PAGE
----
PennDOT works on updating payment system at license centers
The sign greets customers with an admission of guilt for the potential inconvenience ahead.
“Sorry … We cannot accept CASH,” reads the dark-green plaque. “Please make your CHECK or MONEY ORDER payable to PennDOT.”
This is the counter sign at the Smithfield Street driver's license center in Downtown Pittsburgh, and this is the limitation at 70 PennDOT centers statewide. Checks and money orders are the only accepted forms of payment — for now.
That could change as early as next year.
“We are already working to implement the acceptance of credit and debit cards and anticipate deploying in 2016,” said Craig Yetter, spokesman for PennDOT's driver and vehicle services.
The effort is designed “to help our customers save time and money,” Yetter said.
State Rep. Brad Roae, R-Meadville, was surprised by the policy this month when he brought his 16-year-old daughter Rachael to obtain her learner's permit. He carried only a debit card and cash in his wallet.
“I assume it's happened to other people, unless everyone else knows they only take checks and money orders,” he said. “I go days at a time without using real money.”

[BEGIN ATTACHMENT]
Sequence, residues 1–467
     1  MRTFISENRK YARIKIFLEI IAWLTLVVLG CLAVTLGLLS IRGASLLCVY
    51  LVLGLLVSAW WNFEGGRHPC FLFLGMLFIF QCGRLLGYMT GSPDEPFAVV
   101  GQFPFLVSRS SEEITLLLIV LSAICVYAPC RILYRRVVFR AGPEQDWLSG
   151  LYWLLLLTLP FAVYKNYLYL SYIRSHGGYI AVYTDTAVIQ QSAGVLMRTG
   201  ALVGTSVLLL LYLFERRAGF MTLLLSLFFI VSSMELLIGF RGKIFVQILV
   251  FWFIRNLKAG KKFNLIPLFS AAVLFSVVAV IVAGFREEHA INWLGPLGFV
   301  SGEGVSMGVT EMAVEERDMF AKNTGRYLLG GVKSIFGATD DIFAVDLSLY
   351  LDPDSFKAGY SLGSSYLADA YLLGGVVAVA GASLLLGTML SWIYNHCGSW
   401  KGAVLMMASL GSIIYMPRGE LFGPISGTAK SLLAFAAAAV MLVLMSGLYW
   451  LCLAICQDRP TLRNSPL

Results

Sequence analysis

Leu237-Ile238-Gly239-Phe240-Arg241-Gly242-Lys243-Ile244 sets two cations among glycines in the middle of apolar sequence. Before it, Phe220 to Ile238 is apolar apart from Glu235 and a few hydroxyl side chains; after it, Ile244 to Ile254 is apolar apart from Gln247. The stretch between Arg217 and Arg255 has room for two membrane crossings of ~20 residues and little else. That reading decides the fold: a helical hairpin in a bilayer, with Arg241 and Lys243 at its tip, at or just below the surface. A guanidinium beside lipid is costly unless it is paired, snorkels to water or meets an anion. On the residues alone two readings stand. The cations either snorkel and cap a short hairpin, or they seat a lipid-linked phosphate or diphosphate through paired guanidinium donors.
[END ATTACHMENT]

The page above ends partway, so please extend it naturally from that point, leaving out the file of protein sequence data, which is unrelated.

When leaving the center to pick up a money order, Roae circulated a co-sponsor memo among his colleagues to gather support for a proposal to make PennDOT start the system.
Customers at driver counters in other states can opt to use cards; Maryland's Motor Vehicle Administration accepts Visa, MasterCard and American Express, according to its website. In New York state, offices accept most credit cards, prepaid cards, and debit cards that don't require a pin number. At Ohio's Bureau of Motor Vehicles locations, drivers can renew their one-year registration using debit and credit cards at one of nine self-service terminals throughout the state.
Theresa Pardo, director for the Center for Technology in Government at the University at Albany, said a government implementing a credit card system is charged with integrating a process into a system. Governments have to ensure the financial information stored in their system is safe from hackers, Pardo said.
It doesn't happen overnight.
“Integrating a technology into this kind of legacy environment takes time,” she said. “On one hand, we should be grateful to government for being responsible with our financial information. On the other side is frustration. We say, ‘How long can it possibly take?' ”
In Pennsylvania, starting a credit and debit card system will cost $3 million to $4 million, Yetter said, and about $1.8 million a year after that. He compared the convenience it will offer to the automated queue system at 27 driver's license centers statewide. The electronic system to track customers waiting in line reduced wait times 65 percent at the Mercer County location, Yetter said.
Amanda Rivera, 26, a North Side resident, stopped at the Downtown center to get an identification card last week. She said she'd rather write a check or money order to avoid the risk of card numbers getting hacked.
“Not everyone minds paying $1.50 for a money order,” she said.
Melissa Daniels is a staff writer for Trib Total Media. She can be reached at 412-380-8511 or firstname.lastname@example.org.